The Films Are Alive ...

Dispatches from the Toronto International Film Festival: No. 3

There's lots of music on the screens at the Toronto International Film Festival. Two high-profile music bios received their North American launch at separate gala screenings. Beyond the Sea tells the life story of singer and entertainer Bobby Darin. The ever-talented Kevin Spacey not only stars as Darin, but also directs the movie, which is an ode to old-time show-biz. Darin was one of the last of the true nightclub entertainers, who scored big with such popular hits as "Splish Splash" and "Mack the Knife." Married to another teen idol, Sandra Dee (charmingly captured by Kate Bosworth), Darin died in his late 30s, and his work may be unfamiliar to current generations. Spacey croons his own tunes in this project, adding to the film's sense of veracity. But in the end, the film is a standard show-biz biopic – big song-and-dance routines included – and constantly reminds us of the artifice of the soundstage.

Also scoring lots of attention is Taylor Hackford's Ray, a film biography of musician Ray Charles. A commanding lead performance by Jamie Foxx is already building buzz for a best-actor Oscar campaign. Foxx, who also performs his own piano work, is astonishing in the degree to which he captures the mannerisms and nuances of Charles. The film refrains from painting Charles in purely laudatory colors: This is a warts-and-all portrait. Yet, it's possible that too much time is spent on the warts – in this case, heroin addiction and marital infidelities – and not enough on the genesis of the music. Both Ray and Beyond the Sea employ a technique that has become a cliché of the biopic, and is seen here in Modigliani, another biographical film about an artist, although this one a painter. All three of these artists are haunted by ghosts of themselves as children: miniature doppelgängers that lay bare the artists' primal "issues," sparing the need for any Freudian mumbo jumbo. The fact that these living childhood ghosts appear in all three films clearly attests to the technique's trite repetition. Or perhaps the common theme is that all grown male artists are still little boys who have never fully matured and come to terms with their adult responsibilities. To that it's time to say, "Oh, grow up already."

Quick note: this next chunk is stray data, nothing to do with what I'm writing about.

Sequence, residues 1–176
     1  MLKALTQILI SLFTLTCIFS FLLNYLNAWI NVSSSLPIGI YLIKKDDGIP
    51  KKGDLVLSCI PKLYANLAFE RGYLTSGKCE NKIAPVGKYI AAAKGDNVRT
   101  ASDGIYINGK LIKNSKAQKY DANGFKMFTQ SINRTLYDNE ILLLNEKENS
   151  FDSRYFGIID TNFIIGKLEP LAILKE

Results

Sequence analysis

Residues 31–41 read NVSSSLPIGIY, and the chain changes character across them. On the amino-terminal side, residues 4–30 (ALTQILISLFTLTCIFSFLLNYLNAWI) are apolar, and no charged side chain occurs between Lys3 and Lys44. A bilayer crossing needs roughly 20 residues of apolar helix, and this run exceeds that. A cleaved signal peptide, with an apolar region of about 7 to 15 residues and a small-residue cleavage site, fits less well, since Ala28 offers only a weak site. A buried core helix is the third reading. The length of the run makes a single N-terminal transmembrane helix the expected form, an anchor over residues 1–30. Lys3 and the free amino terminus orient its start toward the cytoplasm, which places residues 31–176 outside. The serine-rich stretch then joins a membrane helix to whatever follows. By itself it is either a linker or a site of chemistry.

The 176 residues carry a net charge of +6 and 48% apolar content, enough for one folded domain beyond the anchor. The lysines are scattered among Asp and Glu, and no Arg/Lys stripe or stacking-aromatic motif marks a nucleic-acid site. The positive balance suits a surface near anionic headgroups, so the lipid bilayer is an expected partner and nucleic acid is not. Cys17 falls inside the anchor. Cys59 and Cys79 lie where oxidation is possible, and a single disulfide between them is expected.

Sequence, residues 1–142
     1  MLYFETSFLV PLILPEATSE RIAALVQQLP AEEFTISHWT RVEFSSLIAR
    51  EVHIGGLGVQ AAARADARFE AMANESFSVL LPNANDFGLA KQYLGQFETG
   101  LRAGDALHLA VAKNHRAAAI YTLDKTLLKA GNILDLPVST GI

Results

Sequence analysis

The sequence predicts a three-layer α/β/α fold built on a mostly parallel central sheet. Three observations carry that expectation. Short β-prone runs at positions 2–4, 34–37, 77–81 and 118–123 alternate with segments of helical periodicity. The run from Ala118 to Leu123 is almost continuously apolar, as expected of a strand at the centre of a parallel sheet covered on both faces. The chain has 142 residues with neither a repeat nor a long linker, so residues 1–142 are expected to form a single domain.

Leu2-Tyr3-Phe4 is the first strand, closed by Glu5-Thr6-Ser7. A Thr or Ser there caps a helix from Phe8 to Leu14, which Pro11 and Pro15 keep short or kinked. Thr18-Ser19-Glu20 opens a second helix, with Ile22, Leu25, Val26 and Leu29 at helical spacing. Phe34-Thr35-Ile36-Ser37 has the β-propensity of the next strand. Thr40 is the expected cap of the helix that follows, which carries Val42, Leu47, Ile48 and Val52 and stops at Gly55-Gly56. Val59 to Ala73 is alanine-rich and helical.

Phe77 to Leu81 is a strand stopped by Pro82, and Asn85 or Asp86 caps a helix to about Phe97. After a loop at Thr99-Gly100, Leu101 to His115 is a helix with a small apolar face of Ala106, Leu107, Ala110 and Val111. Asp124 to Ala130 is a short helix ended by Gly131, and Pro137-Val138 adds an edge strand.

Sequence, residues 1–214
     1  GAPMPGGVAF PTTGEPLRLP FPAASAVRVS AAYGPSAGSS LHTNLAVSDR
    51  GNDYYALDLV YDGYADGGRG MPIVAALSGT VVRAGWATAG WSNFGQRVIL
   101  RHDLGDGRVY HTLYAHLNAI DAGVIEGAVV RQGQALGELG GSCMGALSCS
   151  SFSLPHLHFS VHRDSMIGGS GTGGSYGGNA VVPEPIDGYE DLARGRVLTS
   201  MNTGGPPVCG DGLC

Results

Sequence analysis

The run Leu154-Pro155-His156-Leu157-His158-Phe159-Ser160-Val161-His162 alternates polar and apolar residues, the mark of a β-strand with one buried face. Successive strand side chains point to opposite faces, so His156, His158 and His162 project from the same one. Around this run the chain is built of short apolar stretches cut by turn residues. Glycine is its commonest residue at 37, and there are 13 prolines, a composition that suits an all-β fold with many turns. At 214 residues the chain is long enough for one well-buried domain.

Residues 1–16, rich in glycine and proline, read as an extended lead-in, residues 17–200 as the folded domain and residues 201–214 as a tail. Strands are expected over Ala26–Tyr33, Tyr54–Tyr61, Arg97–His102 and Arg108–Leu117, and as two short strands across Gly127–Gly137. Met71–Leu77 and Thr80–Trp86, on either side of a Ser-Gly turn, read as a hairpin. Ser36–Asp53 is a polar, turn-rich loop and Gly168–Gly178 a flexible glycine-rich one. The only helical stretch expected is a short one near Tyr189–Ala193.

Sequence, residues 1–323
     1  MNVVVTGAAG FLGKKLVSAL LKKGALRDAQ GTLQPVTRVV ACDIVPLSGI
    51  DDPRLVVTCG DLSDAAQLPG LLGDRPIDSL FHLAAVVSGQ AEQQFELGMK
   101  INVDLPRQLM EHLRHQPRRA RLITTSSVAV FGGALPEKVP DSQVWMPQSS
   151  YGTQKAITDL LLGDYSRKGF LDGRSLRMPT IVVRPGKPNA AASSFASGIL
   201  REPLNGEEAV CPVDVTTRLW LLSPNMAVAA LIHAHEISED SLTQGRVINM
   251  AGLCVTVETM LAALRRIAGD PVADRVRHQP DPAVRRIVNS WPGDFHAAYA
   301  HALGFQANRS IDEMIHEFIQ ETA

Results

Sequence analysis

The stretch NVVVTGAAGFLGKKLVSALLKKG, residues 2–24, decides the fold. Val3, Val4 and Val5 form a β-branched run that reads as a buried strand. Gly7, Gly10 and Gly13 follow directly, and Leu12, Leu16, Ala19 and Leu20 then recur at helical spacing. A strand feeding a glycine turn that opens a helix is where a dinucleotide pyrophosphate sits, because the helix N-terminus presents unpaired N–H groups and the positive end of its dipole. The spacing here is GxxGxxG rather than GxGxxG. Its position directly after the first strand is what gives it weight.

Another musical artist who also died too young and never made peace with adult stability is Townes Van Zandt, the singer-songwriter who is profiled in Austinite Margaret Brown's Be Here to Love Me: A Film About Townes Van Zandt, which also screened in Toronto. A brilliant songwriter whose praises are sung by the likes of Willie Nelson, Guy Clark, Kris Kristofferson, Joe Ely, and others, Van Zandt had lifelong problems with substance abuse and settling down. Yet the flavor of his hauntingly incisive lyrics is ably captured by Brown, who uses these testimonies and extant performance footage to design this portrait, that also receives a stunning assist from evocative road footage shot in the present day by Austin-based cinematographer Lee Daniel, a true wizard of the camera. Be Here to Love Me – of which Chronicle Editor Louis Black is an executive producer – also hosted one of the festival's finest parties on the top floor of the Four Seasons, a fete to remember with a spectacular view of the city. Another film featuring work by an Austin resident is a film called Undertow, which I regret having missed. It is the newest film to be directed by David Gordon Green (All the Real Girls), and boasts a script by St. Stephen's high school English teacher Joe Conway and a producing credit for the legendary Terrence Malick. It is due to open in theatres later this fall.

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Toronto International Film Festival, Beyond the Sea, Be Here to Love Me, Undertow, Ray, Modigliani

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